Thrive Space Blog

This morning, my young friend sat across the table for our regular coaching conversation. He is a thoughtful, focused entrepreneur in his early twenties, launching a creative online business. Typically upbeat, enthusiastic, and hopeful – he’s always ready to talk through the next step in his process. 

Today his eyes and expression told a different story: pensive, anxious, frustrated. He spoke from a well of anxiety and confusion churning up in his heart, distracting his purpose and clouding his focus. 

He and his peers are surrounded by universal disunity and dysfunction. This is his first experience of societal upheaval, and it’s taking a toll on his emotions and well-being. He feels overwhelmed by the pandemic-driven chaos and confusion, warmongering, climate crisis, economic uncertainty, the cacophony of news, opinion, disinformation, and social media noise. This environment is a stress-filled burden that makes him feel unstable and unsafe. He fears for his future and the future of his generation.

It’s not unlike what other living generations have lived through: regional and world wars, the Great Depression, assassinations, racial turmoil, a presidential resignation, the Cold War, economic instability, terrorist attacks. 

Yet, somehow, the current situation seems amplified. The massive amount of information pouring into our smartphones and inboxes is impossible to process in any thoughtful way. We hardly feel the gravity of an enormous loss of life in another part of the world, but we feel furious that the internet is down, so we can’t access our social media accounts. Both are out of our control, and neither response, apathy or anger, is productive. 

As leaders, we can focus on what we can control and cast a shadow of wisdom, inspiration, and peace that others can walk in. We can’t control what others do, feel, or believe. What we can control is how we respond. We can choose to lower the noise in our minds and hearts by paying attention to emotions and becoming mindful of our present situation and needs. We can turn off the media stream and focus on what matters. We can choose to respond to others with patience, kindness, and compassion. We can choose to avoid speculation and take care of the people, needs, and issues in front of us.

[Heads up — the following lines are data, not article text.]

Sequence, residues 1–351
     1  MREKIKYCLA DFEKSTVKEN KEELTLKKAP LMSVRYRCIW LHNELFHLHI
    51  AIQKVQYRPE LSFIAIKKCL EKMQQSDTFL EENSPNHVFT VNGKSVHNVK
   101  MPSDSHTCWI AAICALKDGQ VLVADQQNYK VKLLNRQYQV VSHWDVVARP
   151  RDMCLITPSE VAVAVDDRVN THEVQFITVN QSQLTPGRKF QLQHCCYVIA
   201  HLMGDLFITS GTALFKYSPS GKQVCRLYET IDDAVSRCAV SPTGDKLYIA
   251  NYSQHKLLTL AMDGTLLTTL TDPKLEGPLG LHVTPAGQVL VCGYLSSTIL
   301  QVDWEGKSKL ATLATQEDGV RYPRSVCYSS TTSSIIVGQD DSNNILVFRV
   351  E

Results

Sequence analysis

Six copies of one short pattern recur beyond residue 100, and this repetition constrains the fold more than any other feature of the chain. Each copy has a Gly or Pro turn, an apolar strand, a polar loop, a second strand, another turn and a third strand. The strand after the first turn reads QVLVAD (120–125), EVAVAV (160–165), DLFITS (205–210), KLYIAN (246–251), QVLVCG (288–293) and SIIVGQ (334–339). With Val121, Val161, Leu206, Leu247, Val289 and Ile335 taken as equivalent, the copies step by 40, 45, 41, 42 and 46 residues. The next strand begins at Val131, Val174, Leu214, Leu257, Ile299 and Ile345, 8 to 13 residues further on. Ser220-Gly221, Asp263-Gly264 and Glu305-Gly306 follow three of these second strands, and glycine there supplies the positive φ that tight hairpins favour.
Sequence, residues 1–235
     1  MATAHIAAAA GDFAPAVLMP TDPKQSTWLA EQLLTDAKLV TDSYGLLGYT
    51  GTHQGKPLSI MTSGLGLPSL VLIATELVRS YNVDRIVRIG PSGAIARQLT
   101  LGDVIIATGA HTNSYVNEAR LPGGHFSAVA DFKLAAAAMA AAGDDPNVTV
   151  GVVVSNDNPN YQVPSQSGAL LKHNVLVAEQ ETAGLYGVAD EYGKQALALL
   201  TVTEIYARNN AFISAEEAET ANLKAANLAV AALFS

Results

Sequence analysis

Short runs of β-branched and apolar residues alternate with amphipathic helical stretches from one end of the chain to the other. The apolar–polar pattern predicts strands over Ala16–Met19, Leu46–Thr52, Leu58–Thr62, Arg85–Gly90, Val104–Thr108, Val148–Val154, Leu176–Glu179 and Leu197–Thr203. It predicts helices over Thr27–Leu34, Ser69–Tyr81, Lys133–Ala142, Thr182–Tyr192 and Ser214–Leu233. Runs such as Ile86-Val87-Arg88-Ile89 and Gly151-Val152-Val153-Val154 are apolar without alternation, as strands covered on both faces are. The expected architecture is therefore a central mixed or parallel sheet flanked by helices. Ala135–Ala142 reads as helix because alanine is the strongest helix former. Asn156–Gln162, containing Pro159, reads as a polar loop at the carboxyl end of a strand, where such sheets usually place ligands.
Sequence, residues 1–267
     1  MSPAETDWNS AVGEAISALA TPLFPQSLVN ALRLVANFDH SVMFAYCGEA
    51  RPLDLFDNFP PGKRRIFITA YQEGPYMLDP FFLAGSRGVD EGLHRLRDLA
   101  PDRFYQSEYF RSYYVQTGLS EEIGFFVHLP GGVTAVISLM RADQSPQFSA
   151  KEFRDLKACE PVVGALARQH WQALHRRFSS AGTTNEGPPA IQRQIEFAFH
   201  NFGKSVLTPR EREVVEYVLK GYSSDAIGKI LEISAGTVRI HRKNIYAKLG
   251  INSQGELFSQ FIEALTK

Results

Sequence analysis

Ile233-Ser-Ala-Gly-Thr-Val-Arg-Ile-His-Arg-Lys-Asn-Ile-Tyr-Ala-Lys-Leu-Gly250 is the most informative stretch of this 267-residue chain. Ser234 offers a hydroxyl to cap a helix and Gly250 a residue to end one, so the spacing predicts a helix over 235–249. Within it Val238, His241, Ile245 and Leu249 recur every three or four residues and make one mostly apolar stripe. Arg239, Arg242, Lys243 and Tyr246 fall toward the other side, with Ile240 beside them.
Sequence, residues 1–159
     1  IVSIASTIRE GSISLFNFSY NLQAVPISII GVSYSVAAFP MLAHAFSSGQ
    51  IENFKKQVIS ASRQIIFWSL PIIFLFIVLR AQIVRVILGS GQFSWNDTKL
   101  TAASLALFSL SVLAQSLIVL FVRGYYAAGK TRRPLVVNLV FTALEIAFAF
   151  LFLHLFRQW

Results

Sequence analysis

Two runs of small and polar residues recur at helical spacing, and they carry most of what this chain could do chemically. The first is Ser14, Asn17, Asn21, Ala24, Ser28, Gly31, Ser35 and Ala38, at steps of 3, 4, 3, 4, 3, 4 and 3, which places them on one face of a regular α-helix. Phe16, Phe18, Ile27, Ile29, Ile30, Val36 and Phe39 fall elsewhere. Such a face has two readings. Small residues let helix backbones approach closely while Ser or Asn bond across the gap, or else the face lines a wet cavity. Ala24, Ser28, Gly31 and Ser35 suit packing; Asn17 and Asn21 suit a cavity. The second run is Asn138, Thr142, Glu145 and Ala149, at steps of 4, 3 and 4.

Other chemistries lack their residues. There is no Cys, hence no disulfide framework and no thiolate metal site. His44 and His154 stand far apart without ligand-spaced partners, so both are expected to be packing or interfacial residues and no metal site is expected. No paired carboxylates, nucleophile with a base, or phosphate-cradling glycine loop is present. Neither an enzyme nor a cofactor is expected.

Our friend and management consultant, Tim Duncan, spent four months interviewing 50 business leaders about the challenges they are facing. Like my young entrepreneur, they too feel the burden of the chaotic, unpredictable, unstable world they are serving with their products and services. Tim summarized his conversations with these business leaders in a report: Leading through Collective Trauma. I provided a link in the resources below.

Tim writes: 

“As I thought about the news, the responses from those I interviewed and personal stories over the past two years, I began to wonder what an Organizational Psychologist would call this seismic change that seems to be taking place. My answer came from a book published in 1972 by American Sociologist Kai Erikson called “Everything in Its Path” where he coined the phrase “Collective Trauma”. Basically, it refers to the psychological reaction to a traumatic event shared by any group of people that can affect an entire society. For example, the Holocaust, the Great Depression, WWII, 911, etc.”

“Over the past two years, we have endured a significant amount of disruption to our everyday normal lives. We experienced a series of events starting in early 2020 with the COVID outbreak, then the social justice marches (which turned into riots, looting, and violence), then the capital riots, housing cost increases, the Delta variant, the great resignation, supply chain issues, inflation, and now the Omicron variant.”